Egypt has no choice but to hope that its short-term wagers in Libya pay off down the road.
A regular survey of experts on matters relating to Middle Eastern and North African politics and security.
Why is it that protestors around the Arab world have chanted against President Abdel-Fattah al-Sisi?
The report dissects Egypt’s military-led economic model and offers thoughts on how external actors can engage with the country’s formal and informal networks.
A new wave of Arab uprisings suggests that the authoritarian bargain of the past may be collapsing.
The military is woven into almost every part of Egypt’s economy. It runs businesses, produces goods, and manages huge infrastructure projects. What are the consequences of involving a country’s armed forces so deeply in its private and public enterprise?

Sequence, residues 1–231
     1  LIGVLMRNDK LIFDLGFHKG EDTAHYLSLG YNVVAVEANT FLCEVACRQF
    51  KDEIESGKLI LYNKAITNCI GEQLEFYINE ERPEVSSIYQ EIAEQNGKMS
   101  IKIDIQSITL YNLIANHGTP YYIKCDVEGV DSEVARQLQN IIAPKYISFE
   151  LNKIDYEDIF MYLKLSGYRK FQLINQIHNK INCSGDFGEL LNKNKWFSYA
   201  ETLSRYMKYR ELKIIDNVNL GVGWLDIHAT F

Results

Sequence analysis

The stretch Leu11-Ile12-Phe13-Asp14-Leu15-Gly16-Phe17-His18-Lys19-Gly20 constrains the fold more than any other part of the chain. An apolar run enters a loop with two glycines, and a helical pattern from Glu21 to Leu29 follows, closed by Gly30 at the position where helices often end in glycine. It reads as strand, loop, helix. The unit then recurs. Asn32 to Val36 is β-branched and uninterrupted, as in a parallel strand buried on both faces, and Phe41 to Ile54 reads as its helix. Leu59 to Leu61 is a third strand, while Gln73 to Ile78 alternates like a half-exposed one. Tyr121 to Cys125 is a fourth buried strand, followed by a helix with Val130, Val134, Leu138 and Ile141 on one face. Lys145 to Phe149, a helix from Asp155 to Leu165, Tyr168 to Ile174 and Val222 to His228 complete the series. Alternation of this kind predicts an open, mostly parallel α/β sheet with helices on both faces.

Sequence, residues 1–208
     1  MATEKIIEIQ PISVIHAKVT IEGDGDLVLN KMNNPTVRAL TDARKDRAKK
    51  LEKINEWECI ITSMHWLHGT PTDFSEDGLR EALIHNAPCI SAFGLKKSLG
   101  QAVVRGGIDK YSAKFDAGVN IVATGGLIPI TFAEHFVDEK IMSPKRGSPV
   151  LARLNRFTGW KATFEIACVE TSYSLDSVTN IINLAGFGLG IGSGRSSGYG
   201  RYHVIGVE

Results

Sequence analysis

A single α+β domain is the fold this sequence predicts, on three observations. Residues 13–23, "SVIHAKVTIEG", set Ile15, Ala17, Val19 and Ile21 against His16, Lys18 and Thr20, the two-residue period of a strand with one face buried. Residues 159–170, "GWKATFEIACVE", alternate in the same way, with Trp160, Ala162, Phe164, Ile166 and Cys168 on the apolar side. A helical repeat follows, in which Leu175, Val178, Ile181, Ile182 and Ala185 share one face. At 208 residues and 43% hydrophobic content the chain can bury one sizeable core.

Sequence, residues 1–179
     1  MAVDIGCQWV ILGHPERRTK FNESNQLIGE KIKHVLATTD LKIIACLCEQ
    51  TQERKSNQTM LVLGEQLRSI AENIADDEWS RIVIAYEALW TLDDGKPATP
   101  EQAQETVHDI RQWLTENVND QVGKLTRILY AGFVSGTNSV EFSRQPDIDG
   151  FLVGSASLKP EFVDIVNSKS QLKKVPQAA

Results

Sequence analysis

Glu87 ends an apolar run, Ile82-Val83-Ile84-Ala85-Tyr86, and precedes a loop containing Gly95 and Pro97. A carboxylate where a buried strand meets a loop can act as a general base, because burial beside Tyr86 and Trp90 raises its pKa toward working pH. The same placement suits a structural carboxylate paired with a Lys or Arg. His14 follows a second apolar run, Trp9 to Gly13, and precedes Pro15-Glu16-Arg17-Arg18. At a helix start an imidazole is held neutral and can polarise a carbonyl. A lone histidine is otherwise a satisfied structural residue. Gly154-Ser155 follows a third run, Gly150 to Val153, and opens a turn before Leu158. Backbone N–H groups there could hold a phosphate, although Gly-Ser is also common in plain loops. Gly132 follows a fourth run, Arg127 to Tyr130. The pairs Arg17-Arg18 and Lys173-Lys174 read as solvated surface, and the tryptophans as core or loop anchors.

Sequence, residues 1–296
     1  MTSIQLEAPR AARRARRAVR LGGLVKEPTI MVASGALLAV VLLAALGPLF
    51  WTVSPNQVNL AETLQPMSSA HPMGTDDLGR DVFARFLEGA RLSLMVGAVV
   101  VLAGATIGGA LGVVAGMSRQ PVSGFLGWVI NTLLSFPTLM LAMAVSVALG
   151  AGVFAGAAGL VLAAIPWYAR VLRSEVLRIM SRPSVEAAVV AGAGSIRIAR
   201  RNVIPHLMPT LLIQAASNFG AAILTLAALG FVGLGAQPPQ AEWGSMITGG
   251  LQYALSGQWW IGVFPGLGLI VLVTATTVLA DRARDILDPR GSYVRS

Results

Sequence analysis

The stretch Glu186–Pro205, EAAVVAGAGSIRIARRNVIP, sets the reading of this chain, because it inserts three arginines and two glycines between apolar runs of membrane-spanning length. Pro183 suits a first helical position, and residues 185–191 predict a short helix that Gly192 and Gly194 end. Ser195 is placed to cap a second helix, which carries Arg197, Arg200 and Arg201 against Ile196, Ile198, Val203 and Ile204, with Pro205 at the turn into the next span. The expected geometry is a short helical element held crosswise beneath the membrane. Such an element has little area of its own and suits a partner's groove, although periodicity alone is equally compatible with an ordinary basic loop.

The Egyptian military’s takeover in 2013 transformed its role in the national economy, turning it into an autonomous actor that can reshape markets and influence government policy setting and investment strategies.
In reforming Egypt’s personal-status law, how it’s done is as important as who does it.
Having long suffered from Cairo’s neglect, the governorate has never realized its potential.
The international community has hitherto broadly considered the government in Cairo to be stable for the long term. These protests, however, confirm that there is dissent beneath the surface that is likely to deepen, not dissipate.